About this Research Topic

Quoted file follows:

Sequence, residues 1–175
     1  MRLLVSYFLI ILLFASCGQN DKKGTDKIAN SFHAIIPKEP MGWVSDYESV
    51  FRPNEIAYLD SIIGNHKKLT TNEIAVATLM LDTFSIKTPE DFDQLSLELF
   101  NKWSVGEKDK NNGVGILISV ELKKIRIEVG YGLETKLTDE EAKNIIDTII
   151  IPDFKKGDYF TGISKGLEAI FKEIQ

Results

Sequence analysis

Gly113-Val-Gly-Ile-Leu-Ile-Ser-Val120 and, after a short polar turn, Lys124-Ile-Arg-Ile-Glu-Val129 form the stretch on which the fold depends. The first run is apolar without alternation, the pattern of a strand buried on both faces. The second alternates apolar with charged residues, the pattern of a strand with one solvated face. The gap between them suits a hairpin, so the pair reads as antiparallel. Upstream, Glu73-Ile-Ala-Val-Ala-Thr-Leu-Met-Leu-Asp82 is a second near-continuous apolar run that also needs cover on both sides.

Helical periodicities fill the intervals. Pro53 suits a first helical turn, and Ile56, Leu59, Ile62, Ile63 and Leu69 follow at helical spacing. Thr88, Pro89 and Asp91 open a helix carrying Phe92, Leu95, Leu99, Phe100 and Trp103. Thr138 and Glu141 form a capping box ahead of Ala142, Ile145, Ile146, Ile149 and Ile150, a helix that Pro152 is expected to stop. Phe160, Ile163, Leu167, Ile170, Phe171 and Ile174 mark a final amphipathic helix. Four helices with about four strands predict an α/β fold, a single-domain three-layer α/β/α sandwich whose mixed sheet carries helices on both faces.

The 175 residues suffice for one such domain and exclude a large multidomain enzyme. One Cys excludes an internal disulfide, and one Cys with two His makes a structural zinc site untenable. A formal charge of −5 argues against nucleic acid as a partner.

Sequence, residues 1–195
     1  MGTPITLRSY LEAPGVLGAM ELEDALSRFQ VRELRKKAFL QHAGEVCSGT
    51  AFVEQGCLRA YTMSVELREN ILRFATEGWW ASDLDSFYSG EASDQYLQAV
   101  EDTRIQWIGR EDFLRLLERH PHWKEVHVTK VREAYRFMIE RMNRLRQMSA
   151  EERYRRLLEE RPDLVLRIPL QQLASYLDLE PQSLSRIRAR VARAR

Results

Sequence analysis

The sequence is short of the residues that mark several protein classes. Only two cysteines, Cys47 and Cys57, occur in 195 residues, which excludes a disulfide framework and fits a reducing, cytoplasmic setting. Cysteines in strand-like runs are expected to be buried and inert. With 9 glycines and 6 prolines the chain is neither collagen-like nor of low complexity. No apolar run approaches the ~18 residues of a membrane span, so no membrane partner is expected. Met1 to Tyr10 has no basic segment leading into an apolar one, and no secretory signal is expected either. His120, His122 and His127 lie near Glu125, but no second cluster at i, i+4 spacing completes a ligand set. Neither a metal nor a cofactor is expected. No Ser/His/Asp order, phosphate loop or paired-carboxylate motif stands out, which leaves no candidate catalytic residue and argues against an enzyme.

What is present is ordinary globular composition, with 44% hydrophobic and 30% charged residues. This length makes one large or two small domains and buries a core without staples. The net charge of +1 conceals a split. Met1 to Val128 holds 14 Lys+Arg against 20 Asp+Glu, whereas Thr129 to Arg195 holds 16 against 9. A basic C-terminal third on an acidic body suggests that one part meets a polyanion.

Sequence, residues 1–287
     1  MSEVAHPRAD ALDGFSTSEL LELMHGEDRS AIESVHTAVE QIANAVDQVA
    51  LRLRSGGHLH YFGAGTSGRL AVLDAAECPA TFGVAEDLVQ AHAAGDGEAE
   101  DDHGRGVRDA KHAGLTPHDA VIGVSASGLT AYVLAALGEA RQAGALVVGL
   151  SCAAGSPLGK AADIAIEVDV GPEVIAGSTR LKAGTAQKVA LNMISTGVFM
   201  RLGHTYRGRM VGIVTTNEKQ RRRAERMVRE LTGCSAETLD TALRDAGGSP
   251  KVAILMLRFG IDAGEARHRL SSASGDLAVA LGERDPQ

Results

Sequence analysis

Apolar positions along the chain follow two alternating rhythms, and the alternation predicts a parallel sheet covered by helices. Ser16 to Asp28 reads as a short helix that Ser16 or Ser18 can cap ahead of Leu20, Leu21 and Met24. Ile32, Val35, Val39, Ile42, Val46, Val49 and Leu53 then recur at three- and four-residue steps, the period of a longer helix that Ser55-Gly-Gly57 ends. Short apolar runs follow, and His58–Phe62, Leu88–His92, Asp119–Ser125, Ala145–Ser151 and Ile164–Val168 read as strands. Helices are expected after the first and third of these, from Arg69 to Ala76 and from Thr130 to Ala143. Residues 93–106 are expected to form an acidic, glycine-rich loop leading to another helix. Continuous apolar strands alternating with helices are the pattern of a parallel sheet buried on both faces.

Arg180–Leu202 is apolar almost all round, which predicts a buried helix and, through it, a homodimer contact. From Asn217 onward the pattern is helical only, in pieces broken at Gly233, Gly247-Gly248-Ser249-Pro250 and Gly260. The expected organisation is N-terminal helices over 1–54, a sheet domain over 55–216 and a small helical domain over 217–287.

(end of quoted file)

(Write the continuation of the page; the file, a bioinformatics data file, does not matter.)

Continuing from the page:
During embryonic development, each cell is generated at a specific location within the embryo and then moves into its intended destination. At this destination, associated cells assemble together, eventually leading to the formation of tissues and organs. Finely tuned orchestration of cell adhesion and migration produces the global movement of cell groups, termed collective cell migration, which is essential for the development of basic tissue structures such as spheres, clusters, and vesicles in the morphogenetic processes of development. In addition, transformation from the cell adhesion state into cell migration state and vice versa can be seen in different morphogenetic processes, which are called the epithelial-mesenchymal transition and mesenchymal-epithelial transition, respectively. Therefore, individual regulation, orchestration, and transformation of cell adhesion and migration are quite important for appropriate tissue formation during development. Analyses based on genetics, gain- or loss-of-function of genes, and gene profiling have identified gene networks that precisely control cell adhesion and migration. Live imaging technique of cells, molecules, and signals in embryos has elucidated the dynamics of cell adhesion and migration during development. Analyses using laser, optical tweezers, or atomic force microscopy have revealed that physical forces play a pivotal role in cell adhesion and migration. The specific aim of this research topic is to understand how cell adhesion and migration are regulated, orchestrated, and transformed during development and how cell adhesion and migration affects tissue formation during development. We welcome the contributions of both review and original research articles that discuss these regulatory mechanisms of cell adhesion and migration during the development of different multicellular organisms. We also welcome articles that describe advances in live imaging that reveals the dynamics of cell adhesion and migration within embryos, that establish new methodologies to measure/manipulate mechanical forces applying to cell adhesion and migration in living embryos, and that generate new mathematical models regarding cell adhesion and migration.
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